Mothers-to-be who use pain relief during childbirth may have a lower risk of depression after their babies are born, a leading psychiatrist has said.
Around one-in-10 women suffer from post-natal depression.
Now, new research from China has found that those who have an epidural for pain relief during labour during a normal birth have a lower rate of depression than those who go without.
Those who had the pain relief had a 14% rate of depression at six weeks postpartum compared to nearly 35% for those who did not have an epidural.
The study also found that breastfeeding was more common in the group who had an epidural for pain
Commenting on the research, Professor Katherine Wisner, a perinatal psychiatrist at Northwestern Medicine in Chicago, said that controlling pain during childbirth and post delivery may reduce the risk of developing the condition.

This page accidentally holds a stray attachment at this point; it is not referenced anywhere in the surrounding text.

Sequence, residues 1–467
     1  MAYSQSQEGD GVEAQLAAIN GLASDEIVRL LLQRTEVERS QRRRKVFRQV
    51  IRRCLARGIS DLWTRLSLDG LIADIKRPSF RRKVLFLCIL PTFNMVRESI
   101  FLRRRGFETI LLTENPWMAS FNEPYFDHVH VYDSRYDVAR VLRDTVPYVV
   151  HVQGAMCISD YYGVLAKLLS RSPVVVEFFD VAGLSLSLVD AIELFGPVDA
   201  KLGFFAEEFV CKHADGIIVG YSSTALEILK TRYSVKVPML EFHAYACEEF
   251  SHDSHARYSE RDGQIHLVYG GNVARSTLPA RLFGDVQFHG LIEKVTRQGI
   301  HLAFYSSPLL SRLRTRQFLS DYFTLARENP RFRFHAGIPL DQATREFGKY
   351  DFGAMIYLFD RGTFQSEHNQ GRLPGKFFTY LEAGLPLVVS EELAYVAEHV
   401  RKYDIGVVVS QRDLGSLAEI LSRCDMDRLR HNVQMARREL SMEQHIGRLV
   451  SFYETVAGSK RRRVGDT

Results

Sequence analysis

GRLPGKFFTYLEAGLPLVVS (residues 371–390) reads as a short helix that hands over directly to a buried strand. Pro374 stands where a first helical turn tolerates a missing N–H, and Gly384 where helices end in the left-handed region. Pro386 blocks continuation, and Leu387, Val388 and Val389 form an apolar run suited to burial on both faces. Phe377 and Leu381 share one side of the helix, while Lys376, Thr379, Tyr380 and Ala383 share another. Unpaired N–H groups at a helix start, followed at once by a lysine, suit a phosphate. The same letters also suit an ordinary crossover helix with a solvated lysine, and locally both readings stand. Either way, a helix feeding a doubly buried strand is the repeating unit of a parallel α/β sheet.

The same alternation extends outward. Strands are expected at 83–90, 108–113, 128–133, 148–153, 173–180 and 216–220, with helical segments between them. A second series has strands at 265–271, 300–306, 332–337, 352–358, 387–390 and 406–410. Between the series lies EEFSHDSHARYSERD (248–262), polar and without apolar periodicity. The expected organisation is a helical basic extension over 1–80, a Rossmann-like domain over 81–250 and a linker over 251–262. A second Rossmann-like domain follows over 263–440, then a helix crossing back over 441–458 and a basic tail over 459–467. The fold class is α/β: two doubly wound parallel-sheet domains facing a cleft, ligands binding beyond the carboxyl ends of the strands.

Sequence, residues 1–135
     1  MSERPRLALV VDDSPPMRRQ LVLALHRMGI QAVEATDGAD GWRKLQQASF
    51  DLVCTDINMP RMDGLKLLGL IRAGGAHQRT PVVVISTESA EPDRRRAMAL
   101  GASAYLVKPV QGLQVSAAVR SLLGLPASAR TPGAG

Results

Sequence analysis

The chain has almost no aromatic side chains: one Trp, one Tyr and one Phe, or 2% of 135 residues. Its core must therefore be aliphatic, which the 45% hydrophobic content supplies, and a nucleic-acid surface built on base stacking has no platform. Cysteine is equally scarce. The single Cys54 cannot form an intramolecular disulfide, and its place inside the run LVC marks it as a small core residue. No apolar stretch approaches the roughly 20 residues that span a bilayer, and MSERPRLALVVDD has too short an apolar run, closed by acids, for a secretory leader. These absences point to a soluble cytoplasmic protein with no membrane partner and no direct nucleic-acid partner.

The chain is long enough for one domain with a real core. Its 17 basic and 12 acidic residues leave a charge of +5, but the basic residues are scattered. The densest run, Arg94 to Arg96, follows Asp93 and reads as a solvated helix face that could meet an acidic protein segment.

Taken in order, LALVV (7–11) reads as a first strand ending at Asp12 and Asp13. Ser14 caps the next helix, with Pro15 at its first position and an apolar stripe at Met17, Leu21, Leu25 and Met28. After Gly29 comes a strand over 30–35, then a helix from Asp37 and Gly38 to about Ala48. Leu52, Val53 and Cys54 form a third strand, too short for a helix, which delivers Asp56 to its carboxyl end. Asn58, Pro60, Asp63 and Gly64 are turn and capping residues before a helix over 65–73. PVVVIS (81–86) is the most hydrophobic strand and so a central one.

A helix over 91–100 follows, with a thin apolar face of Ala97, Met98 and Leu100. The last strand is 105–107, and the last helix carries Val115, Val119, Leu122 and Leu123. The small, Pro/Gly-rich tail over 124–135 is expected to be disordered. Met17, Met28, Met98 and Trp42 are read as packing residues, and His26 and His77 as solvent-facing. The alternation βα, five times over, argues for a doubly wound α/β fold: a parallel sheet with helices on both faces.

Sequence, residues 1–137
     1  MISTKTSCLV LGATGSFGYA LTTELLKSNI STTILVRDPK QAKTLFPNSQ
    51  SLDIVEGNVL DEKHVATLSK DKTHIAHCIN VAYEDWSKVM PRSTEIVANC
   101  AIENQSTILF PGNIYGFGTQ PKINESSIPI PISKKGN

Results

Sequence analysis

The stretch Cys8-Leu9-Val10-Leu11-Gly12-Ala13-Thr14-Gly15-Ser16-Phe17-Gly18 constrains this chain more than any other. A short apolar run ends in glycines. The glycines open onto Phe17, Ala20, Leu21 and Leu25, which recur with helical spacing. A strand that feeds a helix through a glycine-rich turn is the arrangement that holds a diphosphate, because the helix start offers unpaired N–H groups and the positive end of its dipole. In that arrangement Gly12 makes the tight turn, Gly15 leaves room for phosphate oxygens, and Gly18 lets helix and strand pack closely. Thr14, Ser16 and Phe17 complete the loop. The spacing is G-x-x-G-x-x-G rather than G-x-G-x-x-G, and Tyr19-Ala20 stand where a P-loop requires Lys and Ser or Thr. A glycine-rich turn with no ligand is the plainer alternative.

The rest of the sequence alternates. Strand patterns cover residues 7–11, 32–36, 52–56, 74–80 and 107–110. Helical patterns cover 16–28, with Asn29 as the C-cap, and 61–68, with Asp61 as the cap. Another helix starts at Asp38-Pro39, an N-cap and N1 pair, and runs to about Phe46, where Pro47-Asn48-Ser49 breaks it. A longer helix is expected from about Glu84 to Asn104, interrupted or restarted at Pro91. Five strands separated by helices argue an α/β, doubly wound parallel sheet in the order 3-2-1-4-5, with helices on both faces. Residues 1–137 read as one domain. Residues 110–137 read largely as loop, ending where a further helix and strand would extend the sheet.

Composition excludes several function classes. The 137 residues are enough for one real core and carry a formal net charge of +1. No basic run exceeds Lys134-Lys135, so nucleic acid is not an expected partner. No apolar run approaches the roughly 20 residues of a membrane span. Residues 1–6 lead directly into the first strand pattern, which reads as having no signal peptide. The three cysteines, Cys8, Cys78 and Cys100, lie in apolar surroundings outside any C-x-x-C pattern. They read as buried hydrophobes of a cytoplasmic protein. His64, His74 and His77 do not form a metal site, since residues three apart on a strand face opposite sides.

In an editorial, published in the journal Anesthesia and Analgesia, she said: “Maximising pain control in labour and delivery with your obstetrician and anaesthesia team might help reduce the risk of postpartum depression.
“It’s a huge omission that there has been almost nothing in postpartum depression research about pain during labour and delivery and postpartum depression. There is a well-known relationship between acute and chronic pain and depression.” Prof Wisner said.
“Pain control gets the mother off to a good beginning rather than starting off defeated and exhausted.”
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